AZTEC LINE U. S. Gulf Ports to VeraCruz- Coatzacoalcos - Campeche - Progreso
MAYA LINE U. S. Gulf Portsto Pto. Barrios- Pto. Cortez- Tela- Belize- Pto. Limon Galveston ¯ Houston Memphis ¯ Dallas Cable Address: BIEHL
New Orleans ¯ St. Louis TWX No. HO-360
PORT BUREAU ELECTS BOARD OF DIRECTORS C. B. Fox~ general agenl for l~ykes Bros. Steamship Company. lne.. has been re-elected chairman of the execulive commith*e of the Houston Port Bureau. promolional agency for the l’ort of Houston. Hugll J. Bernard. vice president of lhe Second National Bank. ~as renamed vice chairman. The Bureau also named I~o new directors and re-appointed 19 ,Ihers. Nm~directors are C. F. Rickel. traffic manager, Sheffield Sled Corporamanager, tion; and Herman Weber. Stone l:orwarding Company. Directors are: W. S. Bellows, lg;. N. Blantom J. G. Turney, W. L. Walker, R. Vernon Whiteside, and Port Director Warren 1). Lamporl, representing the
Houston Naxigation District: I~amar Fleming. Jr.. and I_ R. C. Towles. representing the Houston Cotton Exchange: Alfred Bessell, Jr., Gulf Atlantic Warehouse Co.: R. J. Mills. Manchester Terrninal Corl~oration; J. tt. Flavin. lhe Sprunt (~orl~oralion: C. R. Mus~rave. Phillips Terminal Company: \’C. M. Hurley. represenling the Houslon (Jmmber of Commerce: J. S. Burrmvs. representing oil indushies; J. ~:. Hershey. representing barge lines and harbor lugs: Vernon C. Frederick. representing ship chandlers: W. R. Crute. represenling chemical and allied industries; Mr. Fox. representing the Houston Maritime &ssoeiation; Mr. Bernard. representing banks of Houston: Mr. \Veber. representing foreign freight for~arders, and \,It. Riekel. representing I[le steel industry.
MARINE AND AIR
PHILLIPS TO BUILD POLYETHYLENE PLANT Phillips Chemical Company has announced plans to build a new type pilot plant on the Houston Ship Channel to make l~olyelhylene, ~hich may lead to the construction of another mu[li-million dollar unit in its array of chcmlcal industries in Houston. The plant will make i~olyethylene bv a ne~ process requiring less investment than existing methods. (~onsh’uction is scheduled to slarl at onee. Less than 50(I pounds pressure per square inch is required in the new process, as compared to 15.O00 to 30,000 pounds in current manufacturing practice. Pending the outcome of laboratory tests on the new product, to be know[l as Marlex 50, a full-scale plant for production of polyethylene is to be erected at Phillips’ Ship Channel location.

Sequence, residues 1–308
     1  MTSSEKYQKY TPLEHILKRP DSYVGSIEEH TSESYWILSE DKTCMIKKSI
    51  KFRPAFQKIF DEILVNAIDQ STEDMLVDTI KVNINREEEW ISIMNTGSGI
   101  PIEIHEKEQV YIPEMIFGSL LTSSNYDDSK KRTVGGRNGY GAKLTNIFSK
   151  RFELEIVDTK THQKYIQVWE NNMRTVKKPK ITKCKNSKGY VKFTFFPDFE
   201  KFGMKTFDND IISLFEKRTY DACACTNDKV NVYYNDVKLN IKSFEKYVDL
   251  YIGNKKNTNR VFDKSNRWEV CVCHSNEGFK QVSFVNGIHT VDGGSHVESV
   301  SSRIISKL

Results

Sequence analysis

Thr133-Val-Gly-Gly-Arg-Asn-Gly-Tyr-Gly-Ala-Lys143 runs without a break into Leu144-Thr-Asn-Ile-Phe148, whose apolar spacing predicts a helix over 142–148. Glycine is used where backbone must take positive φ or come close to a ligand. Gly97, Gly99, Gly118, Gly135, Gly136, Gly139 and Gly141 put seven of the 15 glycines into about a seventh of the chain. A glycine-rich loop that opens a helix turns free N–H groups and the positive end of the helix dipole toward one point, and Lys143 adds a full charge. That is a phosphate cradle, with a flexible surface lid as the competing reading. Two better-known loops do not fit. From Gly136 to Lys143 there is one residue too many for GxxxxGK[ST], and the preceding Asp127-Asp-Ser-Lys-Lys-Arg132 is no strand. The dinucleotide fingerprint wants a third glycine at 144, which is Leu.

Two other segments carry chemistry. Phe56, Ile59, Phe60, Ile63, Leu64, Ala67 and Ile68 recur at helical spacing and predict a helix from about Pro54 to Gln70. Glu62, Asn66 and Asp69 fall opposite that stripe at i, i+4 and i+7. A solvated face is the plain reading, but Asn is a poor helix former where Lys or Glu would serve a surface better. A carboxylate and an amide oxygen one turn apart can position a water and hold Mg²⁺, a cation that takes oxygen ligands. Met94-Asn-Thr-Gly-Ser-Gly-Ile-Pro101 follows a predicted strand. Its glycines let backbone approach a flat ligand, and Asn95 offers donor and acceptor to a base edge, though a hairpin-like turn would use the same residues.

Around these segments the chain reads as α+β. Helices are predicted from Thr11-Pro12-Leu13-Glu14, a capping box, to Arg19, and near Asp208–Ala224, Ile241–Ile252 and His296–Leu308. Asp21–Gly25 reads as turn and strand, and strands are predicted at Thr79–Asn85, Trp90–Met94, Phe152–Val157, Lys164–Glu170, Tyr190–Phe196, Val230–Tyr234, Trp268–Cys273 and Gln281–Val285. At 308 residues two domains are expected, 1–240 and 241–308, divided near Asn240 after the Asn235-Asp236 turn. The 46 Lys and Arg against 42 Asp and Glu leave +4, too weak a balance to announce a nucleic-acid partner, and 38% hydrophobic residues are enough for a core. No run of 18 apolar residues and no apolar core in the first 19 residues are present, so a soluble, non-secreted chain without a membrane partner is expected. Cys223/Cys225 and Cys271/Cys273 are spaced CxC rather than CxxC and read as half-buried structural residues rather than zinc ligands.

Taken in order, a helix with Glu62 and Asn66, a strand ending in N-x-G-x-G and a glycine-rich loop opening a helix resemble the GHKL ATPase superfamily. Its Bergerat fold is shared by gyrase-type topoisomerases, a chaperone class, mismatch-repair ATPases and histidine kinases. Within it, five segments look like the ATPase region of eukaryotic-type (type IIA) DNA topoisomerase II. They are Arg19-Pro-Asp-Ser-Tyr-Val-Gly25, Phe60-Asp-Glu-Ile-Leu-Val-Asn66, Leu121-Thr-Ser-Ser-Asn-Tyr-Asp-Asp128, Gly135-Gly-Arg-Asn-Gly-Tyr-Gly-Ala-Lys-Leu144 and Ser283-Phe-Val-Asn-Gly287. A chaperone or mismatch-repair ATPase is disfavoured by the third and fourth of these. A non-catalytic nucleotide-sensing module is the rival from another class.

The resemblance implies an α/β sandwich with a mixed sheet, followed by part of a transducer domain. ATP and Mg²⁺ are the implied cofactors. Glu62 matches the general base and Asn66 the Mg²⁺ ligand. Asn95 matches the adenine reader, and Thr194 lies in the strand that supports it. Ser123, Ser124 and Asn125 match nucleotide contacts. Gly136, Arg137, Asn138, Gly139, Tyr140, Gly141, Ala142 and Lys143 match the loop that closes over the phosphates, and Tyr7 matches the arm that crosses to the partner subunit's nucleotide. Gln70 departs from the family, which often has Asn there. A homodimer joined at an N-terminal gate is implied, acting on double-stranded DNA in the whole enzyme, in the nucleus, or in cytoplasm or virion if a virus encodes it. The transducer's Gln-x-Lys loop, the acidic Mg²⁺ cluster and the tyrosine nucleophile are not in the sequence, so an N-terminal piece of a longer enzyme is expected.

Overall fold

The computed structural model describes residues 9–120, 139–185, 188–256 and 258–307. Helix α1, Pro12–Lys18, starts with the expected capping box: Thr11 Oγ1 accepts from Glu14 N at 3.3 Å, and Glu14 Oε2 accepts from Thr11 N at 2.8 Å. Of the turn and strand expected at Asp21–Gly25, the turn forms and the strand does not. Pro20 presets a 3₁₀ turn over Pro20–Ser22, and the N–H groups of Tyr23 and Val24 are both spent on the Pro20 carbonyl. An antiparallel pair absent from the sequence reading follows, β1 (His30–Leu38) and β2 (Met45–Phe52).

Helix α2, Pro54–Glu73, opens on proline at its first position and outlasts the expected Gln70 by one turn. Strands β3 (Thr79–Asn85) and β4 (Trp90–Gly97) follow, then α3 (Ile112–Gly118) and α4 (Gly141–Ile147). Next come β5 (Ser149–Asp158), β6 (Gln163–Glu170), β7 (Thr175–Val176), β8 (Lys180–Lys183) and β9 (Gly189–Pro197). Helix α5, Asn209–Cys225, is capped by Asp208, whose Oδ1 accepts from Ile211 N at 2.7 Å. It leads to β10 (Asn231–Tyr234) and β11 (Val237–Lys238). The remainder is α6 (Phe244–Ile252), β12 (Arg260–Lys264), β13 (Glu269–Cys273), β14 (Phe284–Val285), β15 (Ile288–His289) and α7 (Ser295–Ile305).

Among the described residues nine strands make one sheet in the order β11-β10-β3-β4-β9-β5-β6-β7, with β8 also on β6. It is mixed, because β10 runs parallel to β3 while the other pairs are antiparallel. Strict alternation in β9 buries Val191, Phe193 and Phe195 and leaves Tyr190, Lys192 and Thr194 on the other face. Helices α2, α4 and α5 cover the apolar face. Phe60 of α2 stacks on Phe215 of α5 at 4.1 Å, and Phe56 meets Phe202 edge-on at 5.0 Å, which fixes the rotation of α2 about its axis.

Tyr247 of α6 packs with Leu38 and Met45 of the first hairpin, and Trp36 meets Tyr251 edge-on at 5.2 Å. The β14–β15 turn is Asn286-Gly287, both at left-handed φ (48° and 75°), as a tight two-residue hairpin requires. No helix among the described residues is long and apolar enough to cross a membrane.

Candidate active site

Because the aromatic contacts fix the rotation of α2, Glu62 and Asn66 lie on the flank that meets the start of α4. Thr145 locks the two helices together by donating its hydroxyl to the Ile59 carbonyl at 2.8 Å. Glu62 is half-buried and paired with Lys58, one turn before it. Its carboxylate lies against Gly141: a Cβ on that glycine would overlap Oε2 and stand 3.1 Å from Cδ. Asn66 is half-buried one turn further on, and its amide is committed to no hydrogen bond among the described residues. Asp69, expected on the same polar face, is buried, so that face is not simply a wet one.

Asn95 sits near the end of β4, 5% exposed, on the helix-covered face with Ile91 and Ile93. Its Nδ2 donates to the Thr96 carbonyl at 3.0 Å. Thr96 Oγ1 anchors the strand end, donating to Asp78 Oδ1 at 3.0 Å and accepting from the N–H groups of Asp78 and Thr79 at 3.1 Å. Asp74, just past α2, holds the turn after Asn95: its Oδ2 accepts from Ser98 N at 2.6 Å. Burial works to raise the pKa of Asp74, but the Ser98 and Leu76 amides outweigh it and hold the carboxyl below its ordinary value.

REFRIGERATION CONDITIONING *repairs * maintenance * consultation services
CUSTOMS BROKERS ¯ FREIGHTFORWARDERS F. M. B. Reg. No. 887
Telephone CEntral 9455 703 SCANLAN BLDG.
SERVICES: ¯ ¯ ¯ ¯ ¯ ¯ ¯
¯ Australia and NewZealand ¯ Brazil andArgentina ¯ Canada Colombia,Ecuador,PeruandChile ¯ ContinentalEurope ¯ Indonesia,Straits Settlements andEgypt ¯ ¯ India, PakistanandPersianGulf
Japan and Philippines Mexico North Africa, Portugal, Western Mediterranean Scandinavia
and the Baltic
South and East Africa United
Kingdom and Eire
OFFICES Savannah,Georgia; Norfolk, Virginia; Jacksonville, Florida; Pensacola, Florida; Mobile, Alabama; NewOrleans, Louisiana; NewYork, NewYork; Chicago, Illinois; St. Louis, KansasCity, Missouri; Atlanta, Georgia; Memphis,Tennessee; Cincinnati, Ohio; Dallas, Galveston and Houston, Texas.
STnACHAN SHIPPING STEAMSHIP
HOUSTON PORT BOOK,
to Japanese Ports
Fowler & McVitie,Inc. AGENTS Cable Address "EDWIN"
GALVESTON, HOUSTON, CORPUS CHRISTI, BROWNSVILLE, PORT ARTHUR, LAKE CHARLES, DALLAS, MEMPHIS, NEW ORLEANS
Plant Telephone WO-1768
P. O. Address Box 5125 HOUSTON 12, TEXAS
HARRISBURG MACHINE CO., I,c. OLDEST
General Machinists, Founders, Boiler Makers, Copper Smiths, Electric Welding, Floating Equipment Derrick Barge and Tow Boats for Ship Repairs Night TelephoneNumbers R. A. Fenzl,JA-5571 C.P. Legnon, WO-9241 Pres.and Gen’lMgr. Superintendent
BARGE SERVICE I.
C. C. Regulated Freight
IRON AND STEEL ARTICLES, Fast,
to Houston via
FOR RATES AND INFORMATION CALL OR WRITE CHarter
HOUSTON, TEXAS 5618 ¯ 750 Bank of Commerce Bldg.
HOUSTONPORT BOOK, SPRING, 1954
PITTSBURGH, PA. COurt 14593 ¯ P.O. Box 1682
INDEX TO AD~’ERTISEMENT~ A American Barge Line Company .................... American Mideast Line ........................... Anderson, Clayton & Co .......................... Atlantic, Gulf & Pacific Company .................
21 14 17 10
8 Barge Service Corporation .......................... Bay-Houston Towing Company ................... Biehl & Company ......................... Binnings, E. S .................................. Binswanger & Co. of Texas ....................... Bloomfield Steamship Company .................. Burlington Lines ..............................
67 22 65 22 61 20 5